23.3 Fibula Flap


23.3.1 Introduction


The fibula flap was originally described by Taylor et al in 1975 as a vascularized bone flap for augmented osteoinduction in a large tibial defect.13 The flap was then modified by Chen and Yan in 1983 to include a skin paddle. The fibula osteocutaneous flap has remained a workhorse flap for segmental and intercalary bony defects in combination with soft-tissue reconstruction.14 The ubiquitous use of this flap for long bone reconstruction is due to the length of bone one can obtain (over 25 cm) and the ability to reliably carry a cutaneous paddle with the flap. Multiple reports have demonstrated excellent rates of union, with up to 80% primary union rates and as high as 97% following supplemental bone grafting.12


23.3.2 Attributes


Bicortical bone for increased mechanical strength and potential weight bearing.


Longest available piece of vascularized bone for reconstruction (~25–30 cm).


It can be osteotomized to fit recipient defect.


Multiple configurations include longitudinal strut, double-barreled, onlay, and as a hybrid used in conjunction with massive cadaveric allograft.


Large diameter vascular pedicle based on peroneal artery and comitantes.


23.3.3 Detriments


It sacrifices a major blood vessel to the lower leg.


Proximal and distal osteotomies must be carefully placed to avoid injury to the common peroneal nerve (CPN) or ankle mortise.


Skin paddle design inclusion frequently results in the need for skin grafting at the donor site.


Dissection through the flexor hallucis can result in a stiff or contracted toe.


It can result in chronic ankle instability.


23.3.4 Anatomic Considerations


The fibula receives its blood supply from the peroneal, anterior interosseous, and lateral geniculate arteries15; however, the majority of flaps are designed to utilize the peroneal artery as the flaps’ major blood supply. All of the vessels supplying the fibula originate from the popliteal artery. After passing beneath the popliteus muscle, the popliteal artery divides into two major terminal branches: the anterior tibial artery and the tibioperoneal trunk. The anterior tibial artery branches proximal to the tibioperoneal trunk and perforates the interosseous membrane to travel within the anterior compartment of the leg. After passing through the interosseous membrane, the anterior tibial artery gives off several branches that supply the fibular head and fibular physis in children. These branches include the circumflex fibular artery as well as the first and second recurrent epiphyseal arteries.15 Distal to the anterior tibial artery’s branch point, the popliteal artery terminates in the tibioperoneal trunk, which divides into the posterior tibial artery (coursing medial) and peroneal artery passing laterally to run along the posterior medial surface of the fibula.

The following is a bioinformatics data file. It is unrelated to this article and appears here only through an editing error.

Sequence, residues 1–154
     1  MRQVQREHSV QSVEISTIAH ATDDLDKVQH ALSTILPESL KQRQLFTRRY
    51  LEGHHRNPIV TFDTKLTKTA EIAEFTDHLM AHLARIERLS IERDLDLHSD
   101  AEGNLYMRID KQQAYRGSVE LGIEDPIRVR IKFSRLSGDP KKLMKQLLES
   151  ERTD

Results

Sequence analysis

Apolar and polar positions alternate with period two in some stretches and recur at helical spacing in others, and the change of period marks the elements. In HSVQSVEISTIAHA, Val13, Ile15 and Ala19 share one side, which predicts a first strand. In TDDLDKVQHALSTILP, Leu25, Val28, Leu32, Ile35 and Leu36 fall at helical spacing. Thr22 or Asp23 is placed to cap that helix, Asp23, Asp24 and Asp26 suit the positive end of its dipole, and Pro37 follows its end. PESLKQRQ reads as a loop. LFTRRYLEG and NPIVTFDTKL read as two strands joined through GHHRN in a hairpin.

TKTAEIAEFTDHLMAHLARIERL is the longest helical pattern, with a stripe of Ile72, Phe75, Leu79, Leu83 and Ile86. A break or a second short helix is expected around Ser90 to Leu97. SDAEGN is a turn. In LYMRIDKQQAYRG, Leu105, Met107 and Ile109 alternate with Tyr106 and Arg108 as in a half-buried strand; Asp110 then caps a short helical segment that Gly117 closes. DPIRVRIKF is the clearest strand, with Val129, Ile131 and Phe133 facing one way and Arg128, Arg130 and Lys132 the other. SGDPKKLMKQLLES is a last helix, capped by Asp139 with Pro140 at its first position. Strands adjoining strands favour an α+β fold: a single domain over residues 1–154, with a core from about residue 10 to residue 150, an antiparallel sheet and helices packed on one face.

After branching to the fibula, the peroneal artery runs in close proximity to the medial surface of the fibula between the tibialis posterior muscle and the flexor hallucis muscle. The peroneal artery provides both a nutrient vessel for endosteal blood flow and multiple periosteal perforating branches. The nutrient artery to the fibula diaphysis enters in the middle third of the bone and should be preserved during dissection. Additionally, the peroneal artery gives off several perforators to the lateral leg skin. These perforators pass along the posterior margin of the fibula, within the septum of the deep posterior compartment, also referred to as the posterior crural septum. A pooled analysis of 1,710 peroneal perforators was performed to evaluate the location and frequency of these cutaneous perforators along the axis of the fibula. The authors found that if the total length of the fibula is marked off into tenths from proximal to distal, the area with the highest density of perforators was localized in the sixth interval from the fibular head, with 19% of all perforators being found in this region. There was a 79% positive predictive probability of finding a skin perforator in this region. More proximal along the fibula, perforators are more likely to travel through the muscle belly of the soleus prior to irrigating the skin, whereas distal perforators are more likely to be septocutaneous due to the Achilles musculotendinous interface.16